A friend and fellow blogger/writer who knows I get up early to write recently asked me, “What time do you go to bed and how do you motivate yourself not to hit the snooze button?”
I thought I’d outline some of my writing practices and tell you a bit of my writing story.
First of all, I am a morning person. For some reason, my body is wired to go to sleep early and wake up early. In college, I was in SGA (Student Government Association), and we would have meetings every Monday at 10 pm. Guess what SGA award I won at the end of the year? Most Likely to Fall Asleep During an SGA Meeting. Yep, even as a college student, I couldn’t pull it together and stay up late.
From 2007 to 2010, I worked on an MFA in Creative Writing. It was a low residency program, so I only had to be on Murray State’s campus a couple of weeks a year. Most of my work was done at home. I was reading and writing regularly, but that was because I constantly had a deadline. I was teaching full-time back then, too, but since I had a baby and a toddler who somehow ALWAYS knew when Mommy was up early, I read and wrote late at night. (FYI – I also gained about 25 pounds during those years because I ate and drank to help me stay up late.)
After I graduated in 2010, I didn’t write anything for two years. Nothing substantial, anyway. A poem here and there. The beginnings of what has become my book. But nothing much at all. I didn’t write anything because I didn’t make writing a regular habit. The momentum I’d had as a grad student with deadlines came to a halt once I became a graduate with more free time than I was used to.
It wasn’t until summer/fall of 2012 that I got serious. I decided that I had not spent 3 years and $30,000 to NOT write. If I was seriously going to be a writer, I had to carve out time every day to write. And since I can usually be found falling asleep on the couch by 7:30 pm, the best time for me seemed to be early in the morning. I was already getting up at 5 or 5:15, so getting up even earlier was very hard. But I wanted to try. So I began getting up at 4 am to write.
Here is how it goes: I go to bed around 9:00. Sometimes a little earlier, sometimes a little later. My body naturally gets tired early, so it works for me. My iPhone alarm is set for 4:00 and 4:10. That way if I fall back asleep accidentally (or accidentally-on-purpose), there will be another alarm to wake me up. The first thing I do when I get downstairs is make a cup of coffee. There is no way I could do this early morning thing without my cup of coffee. Seriously, that cup of coffee is like my best friend now. Think Wilson from the movie Castaway.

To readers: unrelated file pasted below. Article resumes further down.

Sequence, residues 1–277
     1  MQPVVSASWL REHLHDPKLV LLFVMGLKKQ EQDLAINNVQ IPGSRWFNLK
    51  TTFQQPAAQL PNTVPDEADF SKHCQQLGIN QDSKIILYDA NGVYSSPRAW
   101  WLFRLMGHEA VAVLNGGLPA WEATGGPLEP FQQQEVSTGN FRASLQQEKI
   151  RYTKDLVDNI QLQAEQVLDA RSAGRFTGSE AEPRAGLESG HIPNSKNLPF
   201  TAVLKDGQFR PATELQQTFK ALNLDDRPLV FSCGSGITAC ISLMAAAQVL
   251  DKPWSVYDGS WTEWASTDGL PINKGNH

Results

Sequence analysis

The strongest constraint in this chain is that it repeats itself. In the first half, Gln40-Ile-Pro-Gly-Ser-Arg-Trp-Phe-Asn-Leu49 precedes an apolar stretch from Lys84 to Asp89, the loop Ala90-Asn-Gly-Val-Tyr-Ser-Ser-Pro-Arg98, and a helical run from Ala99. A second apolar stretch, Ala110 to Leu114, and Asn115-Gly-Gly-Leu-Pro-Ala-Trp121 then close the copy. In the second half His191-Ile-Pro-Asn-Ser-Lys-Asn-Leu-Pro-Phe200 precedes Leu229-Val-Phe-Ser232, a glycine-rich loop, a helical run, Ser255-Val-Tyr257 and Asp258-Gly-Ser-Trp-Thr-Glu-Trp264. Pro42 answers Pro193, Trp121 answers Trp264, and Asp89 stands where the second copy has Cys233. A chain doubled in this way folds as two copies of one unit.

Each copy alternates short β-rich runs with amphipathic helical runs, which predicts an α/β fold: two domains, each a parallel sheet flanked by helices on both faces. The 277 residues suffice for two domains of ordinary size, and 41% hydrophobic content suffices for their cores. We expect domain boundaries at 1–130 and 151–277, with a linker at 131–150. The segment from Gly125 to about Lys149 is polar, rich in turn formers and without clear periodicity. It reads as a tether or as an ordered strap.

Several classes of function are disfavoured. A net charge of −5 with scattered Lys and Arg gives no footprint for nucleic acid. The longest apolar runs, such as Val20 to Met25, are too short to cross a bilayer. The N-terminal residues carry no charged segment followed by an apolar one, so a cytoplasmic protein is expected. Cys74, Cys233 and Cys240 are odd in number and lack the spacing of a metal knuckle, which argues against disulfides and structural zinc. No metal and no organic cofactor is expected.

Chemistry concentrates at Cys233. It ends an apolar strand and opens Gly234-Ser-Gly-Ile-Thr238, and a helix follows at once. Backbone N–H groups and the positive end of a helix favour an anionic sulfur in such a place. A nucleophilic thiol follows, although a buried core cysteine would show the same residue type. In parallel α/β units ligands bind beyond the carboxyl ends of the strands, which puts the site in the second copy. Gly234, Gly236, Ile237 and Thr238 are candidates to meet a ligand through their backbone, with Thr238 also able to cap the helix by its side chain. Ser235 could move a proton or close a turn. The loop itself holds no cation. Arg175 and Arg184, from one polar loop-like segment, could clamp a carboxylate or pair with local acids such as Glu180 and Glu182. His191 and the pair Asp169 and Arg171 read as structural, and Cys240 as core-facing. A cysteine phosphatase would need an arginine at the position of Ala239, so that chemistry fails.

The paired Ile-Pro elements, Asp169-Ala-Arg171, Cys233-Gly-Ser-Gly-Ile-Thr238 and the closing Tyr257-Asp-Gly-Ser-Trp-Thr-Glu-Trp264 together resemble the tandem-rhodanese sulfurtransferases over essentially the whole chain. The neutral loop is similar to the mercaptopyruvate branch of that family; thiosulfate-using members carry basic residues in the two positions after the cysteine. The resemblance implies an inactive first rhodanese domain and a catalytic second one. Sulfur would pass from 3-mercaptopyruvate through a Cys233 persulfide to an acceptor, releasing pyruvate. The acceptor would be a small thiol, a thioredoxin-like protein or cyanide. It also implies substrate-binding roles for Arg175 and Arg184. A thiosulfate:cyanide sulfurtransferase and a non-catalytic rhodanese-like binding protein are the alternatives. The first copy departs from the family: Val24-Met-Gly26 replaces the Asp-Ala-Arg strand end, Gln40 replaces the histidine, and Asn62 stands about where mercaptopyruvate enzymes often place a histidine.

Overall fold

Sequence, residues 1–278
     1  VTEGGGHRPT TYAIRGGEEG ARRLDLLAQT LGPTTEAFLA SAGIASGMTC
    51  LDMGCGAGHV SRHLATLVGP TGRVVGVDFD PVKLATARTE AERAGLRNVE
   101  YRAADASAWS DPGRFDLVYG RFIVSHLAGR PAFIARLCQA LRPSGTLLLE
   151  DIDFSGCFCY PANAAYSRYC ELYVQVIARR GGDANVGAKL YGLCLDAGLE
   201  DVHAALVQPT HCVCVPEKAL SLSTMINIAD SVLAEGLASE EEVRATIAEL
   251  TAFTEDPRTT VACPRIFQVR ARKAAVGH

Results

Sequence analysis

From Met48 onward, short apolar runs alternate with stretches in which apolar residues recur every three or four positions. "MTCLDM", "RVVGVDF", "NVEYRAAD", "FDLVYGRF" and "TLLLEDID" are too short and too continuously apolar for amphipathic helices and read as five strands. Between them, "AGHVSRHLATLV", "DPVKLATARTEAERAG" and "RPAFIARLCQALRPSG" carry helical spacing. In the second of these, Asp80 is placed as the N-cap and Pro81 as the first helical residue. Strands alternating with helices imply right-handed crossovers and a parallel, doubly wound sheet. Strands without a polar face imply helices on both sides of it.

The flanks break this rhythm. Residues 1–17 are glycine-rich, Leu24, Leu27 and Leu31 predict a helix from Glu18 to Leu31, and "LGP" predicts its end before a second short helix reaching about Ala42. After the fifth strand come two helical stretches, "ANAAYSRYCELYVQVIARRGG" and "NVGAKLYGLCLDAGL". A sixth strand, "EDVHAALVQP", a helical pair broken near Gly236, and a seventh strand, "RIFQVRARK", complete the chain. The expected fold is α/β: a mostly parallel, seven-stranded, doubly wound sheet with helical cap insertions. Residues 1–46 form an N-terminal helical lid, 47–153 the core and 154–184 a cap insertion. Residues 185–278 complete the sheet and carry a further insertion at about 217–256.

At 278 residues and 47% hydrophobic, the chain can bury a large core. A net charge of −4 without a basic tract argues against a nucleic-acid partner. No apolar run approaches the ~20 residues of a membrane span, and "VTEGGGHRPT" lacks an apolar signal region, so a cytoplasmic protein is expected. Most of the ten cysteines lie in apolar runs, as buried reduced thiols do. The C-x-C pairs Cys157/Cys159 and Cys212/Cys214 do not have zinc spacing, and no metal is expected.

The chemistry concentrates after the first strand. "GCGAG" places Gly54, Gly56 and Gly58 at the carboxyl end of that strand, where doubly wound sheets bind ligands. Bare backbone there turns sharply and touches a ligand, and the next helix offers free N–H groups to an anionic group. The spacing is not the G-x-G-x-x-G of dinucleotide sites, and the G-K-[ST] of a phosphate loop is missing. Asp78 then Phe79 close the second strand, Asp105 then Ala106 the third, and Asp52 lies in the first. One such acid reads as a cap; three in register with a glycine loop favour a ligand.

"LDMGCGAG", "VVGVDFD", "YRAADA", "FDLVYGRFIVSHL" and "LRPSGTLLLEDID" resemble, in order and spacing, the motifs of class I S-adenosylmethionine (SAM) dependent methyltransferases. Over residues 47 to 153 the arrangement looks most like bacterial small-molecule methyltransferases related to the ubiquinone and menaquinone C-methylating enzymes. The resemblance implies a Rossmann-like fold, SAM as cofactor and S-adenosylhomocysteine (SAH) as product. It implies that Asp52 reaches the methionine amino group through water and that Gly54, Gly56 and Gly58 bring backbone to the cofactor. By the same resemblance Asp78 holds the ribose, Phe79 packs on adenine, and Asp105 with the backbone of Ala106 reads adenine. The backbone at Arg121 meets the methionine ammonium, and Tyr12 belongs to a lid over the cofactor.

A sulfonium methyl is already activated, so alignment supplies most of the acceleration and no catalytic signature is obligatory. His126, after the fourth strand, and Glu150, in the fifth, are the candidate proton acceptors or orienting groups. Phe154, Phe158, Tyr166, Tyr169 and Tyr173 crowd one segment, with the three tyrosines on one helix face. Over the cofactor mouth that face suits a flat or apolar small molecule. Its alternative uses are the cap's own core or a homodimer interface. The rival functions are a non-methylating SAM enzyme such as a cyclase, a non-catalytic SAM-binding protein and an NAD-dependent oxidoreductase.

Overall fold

Anyway, I still end up sleeping until 5 at least one morning a week. But on the days that I follow through and get up, it is worth it. I say that, and at the same time, I tell you that about 50% of the time I don’t write anything at all – or anything good – in that hour. What? you may be asking. Then why the hell do you get up early if you don’t write?
Because it is the only time of the day that I can sit in silence and listen to my heart. I know. That sounds like a line from an 80s song. But it’s true. I have found that silence and absence can be enormous opportunities for creation. (This is what my latest essay is about, actually.) When I can’t think of anything to write, I sit and look around me. I read the quotes on my memo board. I might read something I’ve already written, or pull out a book of poetry. But mostly I just sit and wait until something comes to me.
Writing is really just a whole lot of waiting.
Yet it is in those moments of waiting, those moments of silence and contemplation, that the words are somehow forming in my soul – words that will eventually spill out because I can’t keep them contained.
My 4 am writing hour has been happening – on and off – for over a year now. While I still don’t have a book published and still am not a big name anywhere, I have seen progress. In the past year and a half, I have published nine essays and four poems. I have even had an essay accepted for an anthology. I have written over 60,000 words of a book. Before that, I had only published a handful of poems and that’s all.
4 am doesn’t work for everyone. I get that. If late nights work better for you, then make your writing hour from 10-11 each night. Set aside one day a week where you leave the kids with the spouse for 2 hours and hole up at Starbucks to write. Write on your lunch break twice a week. All I know is that all the great writers give two pieces of advice: Read a lot. Write every day. And that’s what I’m trying to do.